My Rating: 4 / 5
Format: Paperback courtesy of Random House
Publication Date: 1 February 2013
“Charlotte Nicholls has made a new life for herself and little Chloe. They have left everything behind, determined to forget a past which has cast a shadow over both their lives.
Charlotte would do anything for Chloe. But just when she feels they might have a chance of happiness at last, Charlotte is forced to confront the consequences of the heart-breaking decision she took only a few months earlier.
And it seems as if her greatest fear is about to be realised – that the little girl she promised to love and protect will be lost to her for ever…”
What do you do when your good intentions are not seen as such in the eyes of the legal system?
From the beautiful countryside of Te Puna in New Zealand to the inclement weather of the United Kingdom, child abuse to child kidnapping, this story takes us on a compelling journey in which we get to see first hand the guilt suffered by one woman and the pain and abject fear suffered by a young child who has no control over her own destiny.
Charlotte Nicholls, still trying to come to grips with her own family history after reuniting with her biological mother, has now settled in New Zealand in an attempt to build a positive family life for herself and Chloe. Constantly fearful that her unlawful actions will be discovered, she does everything in her power to protect Chloe, but when one perfectly innocent friendship stirs up a hornets’ nest, the unthinkable happens and both Charlotte and Chloe are swept up into a seemingly awful nightmare – one where Charlotte’s greatest fear is realised and the well-being of Chloe’s mental health is at risk with her trying to understand why her mother has allowed this to happen.
With a court-room drama looming before her and the prospect of true love in the offing, will Charlotte be able to convince a jury that whilst her actions were unlawful, they were always in the best interests of the child?
While this is the sequel to No Child of Mine: A Novel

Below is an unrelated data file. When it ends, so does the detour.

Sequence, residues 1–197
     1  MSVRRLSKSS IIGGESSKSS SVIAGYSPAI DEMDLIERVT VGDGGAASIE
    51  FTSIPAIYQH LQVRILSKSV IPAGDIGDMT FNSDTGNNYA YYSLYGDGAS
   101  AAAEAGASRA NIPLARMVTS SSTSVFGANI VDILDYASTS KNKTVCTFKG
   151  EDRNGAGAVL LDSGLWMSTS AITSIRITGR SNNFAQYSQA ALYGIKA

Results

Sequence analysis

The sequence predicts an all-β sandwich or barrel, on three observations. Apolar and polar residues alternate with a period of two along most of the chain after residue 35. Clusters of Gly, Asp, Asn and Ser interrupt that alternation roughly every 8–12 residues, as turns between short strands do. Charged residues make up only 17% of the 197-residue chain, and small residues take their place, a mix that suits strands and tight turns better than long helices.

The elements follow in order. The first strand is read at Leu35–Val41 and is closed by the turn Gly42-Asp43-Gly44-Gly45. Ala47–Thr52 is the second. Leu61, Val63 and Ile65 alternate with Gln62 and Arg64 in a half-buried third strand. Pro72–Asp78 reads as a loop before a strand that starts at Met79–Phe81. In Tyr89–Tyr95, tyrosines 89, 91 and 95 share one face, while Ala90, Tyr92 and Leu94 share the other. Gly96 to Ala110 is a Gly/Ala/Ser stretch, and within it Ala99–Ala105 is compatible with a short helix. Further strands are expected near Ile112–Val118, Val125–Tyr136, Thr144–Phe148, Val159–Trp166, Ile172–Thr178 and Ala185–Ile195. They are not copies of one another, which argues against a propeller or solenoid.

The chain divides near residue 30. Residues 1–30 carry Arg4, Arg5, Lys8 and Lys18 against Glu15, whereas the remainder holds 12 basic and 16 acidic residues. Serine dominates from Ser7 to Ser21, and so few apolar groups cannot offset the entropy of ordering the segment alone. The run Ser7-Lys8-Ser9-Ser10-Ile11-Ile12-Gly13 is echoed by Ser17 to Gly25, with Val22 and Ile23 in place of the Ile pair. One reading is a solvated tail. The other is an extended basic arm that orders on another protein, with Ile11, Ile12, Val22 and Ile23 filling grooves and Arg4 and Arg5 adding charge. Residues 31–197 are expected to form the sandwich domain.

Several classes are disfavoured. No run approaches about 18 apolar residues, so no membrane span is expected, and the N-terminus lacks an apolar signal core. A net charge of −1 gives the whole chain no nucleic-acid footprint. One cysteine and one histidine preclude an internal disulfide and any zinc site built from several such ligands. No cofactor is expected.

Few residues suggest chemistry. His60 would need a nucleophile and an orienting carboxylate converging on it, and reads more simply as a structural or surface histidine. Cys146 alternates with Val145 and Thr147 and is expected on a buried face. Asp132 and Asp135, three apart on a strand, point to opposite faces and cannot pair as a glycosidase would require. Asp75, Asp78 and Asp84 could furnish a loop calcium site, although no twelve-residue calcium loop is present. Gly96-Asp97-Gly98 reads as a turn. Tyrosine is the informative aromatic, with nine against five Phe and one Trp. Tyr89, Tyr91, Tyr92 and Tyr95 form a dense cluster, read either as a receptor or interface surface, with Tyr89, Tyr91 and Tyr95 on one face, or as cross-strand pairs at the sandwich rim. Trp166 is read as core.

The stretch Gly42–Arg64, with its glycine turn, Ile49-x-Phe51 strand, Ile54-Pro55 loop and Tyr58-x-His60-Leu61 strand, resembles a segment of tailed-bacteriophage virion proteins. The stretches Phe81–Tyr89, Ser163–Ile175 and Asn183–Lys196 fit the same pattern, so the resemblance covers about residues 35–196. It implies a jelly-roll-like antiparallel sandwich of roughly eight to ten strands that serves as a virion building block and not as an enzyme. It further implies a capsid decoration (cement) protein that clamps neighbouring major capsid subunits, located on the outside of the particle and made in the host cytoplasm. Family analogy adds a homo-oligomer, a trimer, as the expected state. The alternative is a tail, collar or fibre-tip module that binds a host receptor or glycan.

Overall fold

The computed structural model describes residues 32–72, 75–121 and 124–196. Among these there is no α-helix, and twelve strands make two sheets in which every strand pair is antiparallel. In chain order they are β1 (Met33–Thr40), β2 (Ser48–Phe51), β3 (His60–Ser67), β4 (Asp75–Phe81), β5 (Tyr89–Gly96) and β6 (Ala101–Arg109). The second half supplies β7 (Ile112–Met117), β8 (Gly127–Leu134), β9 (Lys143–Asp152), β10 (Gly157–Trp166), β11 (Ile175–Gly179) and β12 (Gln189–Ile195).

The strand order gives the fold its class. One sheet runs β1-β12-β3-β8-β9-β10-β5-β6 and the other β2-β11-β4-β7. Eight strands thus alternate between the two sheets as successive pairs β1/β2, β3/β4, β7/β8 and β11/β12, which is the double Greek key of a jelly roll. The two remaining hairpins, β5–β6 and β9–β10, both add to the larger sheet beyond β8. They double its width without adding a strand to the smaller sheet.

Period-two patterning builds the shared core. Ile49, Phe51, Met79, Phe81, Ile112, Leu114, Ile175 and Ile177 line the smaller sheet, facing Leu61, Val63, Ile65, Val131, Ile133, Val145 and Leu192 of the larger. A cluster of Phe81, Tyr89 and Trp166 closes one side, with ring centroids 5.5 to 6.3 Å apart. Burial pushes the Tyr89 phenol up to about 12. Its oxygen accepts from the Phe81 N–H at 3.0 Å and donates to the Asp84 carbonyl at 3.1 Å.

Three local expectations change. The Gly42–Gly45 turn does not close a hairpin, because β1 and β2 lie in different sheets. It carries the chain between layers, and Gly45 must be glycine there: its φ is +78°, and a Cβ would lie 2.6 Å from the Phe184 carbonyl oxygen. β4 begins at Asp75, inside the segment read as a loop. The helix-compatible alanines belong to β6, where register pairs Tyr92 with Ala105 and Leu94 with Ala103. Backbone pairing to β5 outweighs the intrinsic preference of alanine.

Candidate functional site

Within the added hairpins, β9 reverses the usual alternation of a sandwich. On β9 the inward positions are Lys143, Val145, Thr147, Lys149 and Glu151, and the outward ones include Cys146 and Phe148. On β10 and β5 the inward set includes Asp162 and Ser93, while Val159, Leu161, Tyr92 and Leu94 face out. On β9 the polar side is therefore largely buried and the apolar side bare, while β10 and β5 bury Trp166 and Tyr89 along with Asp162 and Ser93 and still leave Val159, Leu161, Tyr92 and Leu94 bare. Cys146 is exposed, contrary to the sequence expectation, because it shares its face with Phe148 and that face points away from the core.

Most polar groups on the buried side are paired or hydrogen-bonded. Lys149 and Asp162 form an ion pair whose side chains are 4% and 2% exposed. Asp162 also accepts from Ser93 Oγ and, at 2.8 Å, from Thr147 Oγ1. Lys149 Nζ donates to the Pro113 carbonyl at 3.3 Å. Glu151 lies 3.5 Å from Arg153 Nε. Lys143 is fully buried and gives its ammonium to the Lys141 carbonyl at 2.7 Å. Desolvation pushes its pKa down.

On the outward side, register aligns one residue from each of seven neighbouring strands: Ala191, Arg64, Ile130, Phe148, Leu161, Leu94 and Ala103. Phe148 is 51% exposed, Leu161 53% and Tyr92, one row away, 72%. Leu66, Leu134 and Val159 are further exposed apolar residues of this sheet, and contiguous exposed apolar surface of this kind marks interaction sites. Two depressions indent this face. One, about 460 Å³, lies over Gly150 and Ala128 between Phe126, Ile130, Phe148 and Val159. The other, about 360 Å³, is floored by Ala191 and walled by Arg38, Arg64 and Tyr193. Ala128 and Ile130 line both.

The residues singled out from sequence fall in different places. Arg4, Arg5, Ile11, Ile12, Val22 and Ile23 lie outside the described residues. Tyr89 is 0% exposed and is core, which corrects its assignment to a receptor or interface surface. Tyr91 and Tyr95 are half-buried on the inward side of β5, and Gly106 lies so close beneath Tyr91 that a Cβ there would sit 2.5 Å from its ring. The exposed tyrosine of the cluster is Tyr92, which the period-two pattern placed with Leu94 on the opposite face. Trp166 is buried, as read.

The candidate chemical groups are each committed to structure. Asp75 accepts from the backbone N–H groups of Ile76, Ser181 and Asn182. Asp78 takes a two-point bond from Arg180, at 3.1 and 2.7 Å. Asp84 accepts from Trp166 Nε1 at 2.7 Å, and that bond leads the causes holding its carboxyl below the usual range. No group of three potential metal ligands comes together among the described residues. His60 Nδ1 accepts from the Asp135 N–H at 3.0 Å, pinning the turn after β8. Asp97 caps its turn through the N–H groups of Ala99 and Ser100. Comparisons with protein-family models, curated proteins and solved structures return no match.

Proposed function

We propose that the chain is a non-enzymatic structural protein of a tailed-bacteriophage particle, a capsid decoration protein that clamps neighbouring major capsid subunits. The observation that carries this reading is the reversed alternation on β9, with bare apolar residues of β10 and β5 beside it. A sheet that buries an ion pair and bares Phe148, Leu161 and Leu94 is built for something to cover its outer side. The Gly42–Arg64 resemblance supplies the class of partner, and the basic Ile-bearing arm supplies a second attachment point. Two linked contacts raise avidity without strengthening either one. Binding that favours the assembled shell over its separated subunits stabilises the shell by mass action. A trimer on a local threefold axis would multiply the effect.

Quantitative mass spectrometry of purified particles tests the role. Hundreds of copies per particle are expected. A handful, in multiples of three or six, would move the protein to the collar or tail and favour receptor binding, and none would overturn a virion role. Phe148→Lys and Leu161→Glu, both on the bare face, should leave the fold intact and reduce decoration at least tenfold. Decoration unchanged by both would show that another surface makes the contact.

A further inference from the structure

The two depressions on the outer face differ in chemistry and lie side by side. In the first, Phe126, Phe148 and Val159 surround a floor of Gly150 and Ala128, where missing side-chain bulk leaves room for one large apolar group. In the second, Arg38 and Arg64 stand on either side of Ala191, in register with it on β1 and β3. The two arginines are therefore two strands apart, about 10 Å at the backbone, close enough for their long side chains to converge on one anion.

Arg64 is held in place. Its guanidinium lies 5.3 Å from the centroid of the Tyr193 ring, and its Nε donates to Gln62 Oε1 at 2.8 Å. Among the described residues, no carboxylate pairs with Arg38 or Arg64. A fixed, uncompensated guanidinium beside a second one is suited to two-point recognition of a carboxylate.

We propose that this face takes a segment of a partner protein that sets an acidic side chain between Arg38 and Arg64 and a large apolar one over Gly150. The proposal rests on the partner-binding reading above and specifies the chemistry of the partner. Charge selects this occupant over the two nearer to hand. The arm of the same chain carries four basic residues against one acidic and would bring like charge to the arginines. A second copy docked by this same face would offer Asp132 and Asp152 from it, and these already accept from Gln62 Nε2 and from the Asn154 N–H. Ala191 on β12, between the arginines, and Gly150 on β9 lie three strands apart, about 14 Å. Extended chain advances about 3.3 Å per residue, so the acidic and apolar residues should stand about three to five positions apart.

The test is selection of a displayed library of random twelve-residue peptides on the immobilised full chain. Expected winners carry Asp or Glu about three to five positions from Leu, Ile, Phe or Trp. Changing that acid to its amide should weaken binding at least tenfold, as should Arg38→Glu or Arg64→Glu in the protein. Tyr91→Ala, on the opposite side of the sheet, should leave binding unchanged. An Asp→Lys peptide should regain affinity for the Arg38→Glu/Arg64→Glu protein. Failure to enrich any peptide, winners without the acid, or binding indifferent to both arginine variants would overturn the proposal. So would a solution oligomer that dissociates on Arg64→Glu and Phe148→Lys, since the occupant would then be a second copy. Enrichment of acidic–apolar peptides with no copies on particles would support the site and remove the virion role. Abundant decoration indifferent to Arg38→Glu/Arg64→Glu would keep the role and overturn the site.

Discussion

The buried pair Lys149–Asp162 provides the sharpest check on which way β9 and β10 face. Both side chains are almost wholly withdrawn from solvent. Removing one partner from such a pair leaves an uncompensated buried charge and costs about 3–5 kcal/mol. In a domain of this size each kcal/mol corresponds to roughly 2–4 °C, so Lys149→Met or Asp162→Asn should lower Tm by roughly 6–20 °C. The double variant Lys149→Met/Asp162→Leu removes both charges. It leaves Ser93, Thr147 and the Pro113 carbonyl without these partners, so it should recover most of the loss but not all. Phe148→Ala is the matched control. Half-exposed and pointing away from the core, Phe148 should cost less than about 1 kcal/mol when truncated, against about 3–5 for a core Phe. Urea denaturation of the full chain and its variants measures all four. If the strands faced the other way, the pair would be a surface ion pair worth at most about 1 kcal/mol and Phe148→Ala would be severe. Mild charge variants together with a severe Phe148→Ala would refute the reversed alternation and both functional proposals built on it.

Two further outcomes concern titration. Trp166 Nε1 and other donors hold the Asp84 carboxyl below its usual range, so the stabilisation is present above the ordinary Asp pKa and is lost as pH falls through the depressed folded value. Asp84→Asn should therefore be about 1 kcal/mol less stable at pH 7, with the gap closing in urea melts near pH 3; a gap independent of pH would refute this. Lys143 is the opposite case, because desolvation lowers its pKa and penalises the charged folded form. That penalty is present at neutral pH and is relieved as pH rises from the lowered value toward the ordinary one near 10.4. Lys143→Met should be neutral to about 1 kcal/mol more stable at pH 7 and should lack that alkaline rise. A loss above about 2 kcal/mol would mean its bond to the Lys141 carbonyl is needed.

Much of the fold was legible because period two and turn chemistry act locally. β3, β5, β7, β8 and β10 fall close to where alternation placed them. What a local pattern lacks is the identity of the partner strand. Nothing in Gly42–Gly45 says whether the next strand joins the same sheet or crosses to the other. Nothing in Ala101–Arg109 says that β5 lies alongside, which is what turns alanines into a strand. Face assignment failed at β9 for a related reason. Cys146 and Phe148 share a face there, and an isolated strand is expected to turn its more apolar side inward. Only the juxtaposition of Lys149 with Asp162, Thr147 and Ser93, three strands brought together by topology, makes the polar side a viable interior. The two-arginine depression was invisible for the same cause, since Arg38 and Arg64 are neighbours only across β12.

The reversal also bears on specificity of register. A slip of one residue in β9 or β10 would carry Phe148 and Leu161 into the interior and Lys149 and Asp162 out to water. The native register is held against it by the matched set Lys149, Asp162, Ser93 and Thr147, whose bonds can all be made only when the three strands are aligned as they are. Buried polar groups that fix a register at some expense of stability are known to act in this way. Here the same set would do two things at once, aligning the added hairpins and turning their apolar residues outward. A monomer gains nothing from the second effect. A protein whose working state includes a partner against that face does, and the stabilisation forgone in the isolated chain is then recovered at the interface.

and not having read anything by this author before, besides adding a whole lot of graphic content and a bit more depth to the reasons behind them fleeing England, Susan Lewis
has done a great job of fleshing her characters out that in no way did I feel I had missed anything from the first novel. Needless to say, much like Jodi Picoult, Ms Lewis
tackles subjects that are extremely controversial and pulls no punches with the subject matter which, at times, can be confronting – in this case, child abuse, and the ramifications of one woman’s actions to try and protect a child in the only way she knows how.
Being a mother myself, child abuse is a reality I have always feared and I take my hat off to all child protection agents out there who bear witness to these despicable acts perpetrated against children on a daily basis but who somehow find the strength to fight to the bitter end for justice on behalf of those young victims.
Although I did initially struggle with Ms Lewis’ style of writing, I’m glad that I persevered with the novel since, having spent the majority of my working life as personal assistant to a variety of Barristers in South Africa (Senior Counsel being the closest I got to a Queen’s Counsel (QC)), I could understand the legal procedures behind the courtroom battle and relate so well to the hard work that goes into consulting, drafting papers and calling witnesses, and the author is to be commended for so skilfully drawing me in to Charlotte and Chloe’s world where I was able to experience both heart-wrenching and warm moments, some of which had me reaching for the tissues.
Unsettling and suspenseful with a steely core of gritty reality beneath it, Don’t Let Me Go is a story which places emphasis on the fragility of trust as well as the strength of love and one which will leaving you questioning what you would have done in a similar situation!
I wish to thank the publisher, Random House Australia, for providing me with an ARC of this fine novel.
A Little About the Author
Susan Lewis is the bestselling author of more than thirty novels with Just One More Day and One Day at a Time being moving memoirs of her childhood in Bristol. Having resided in France for many years, she now lives in Gloucestershire.
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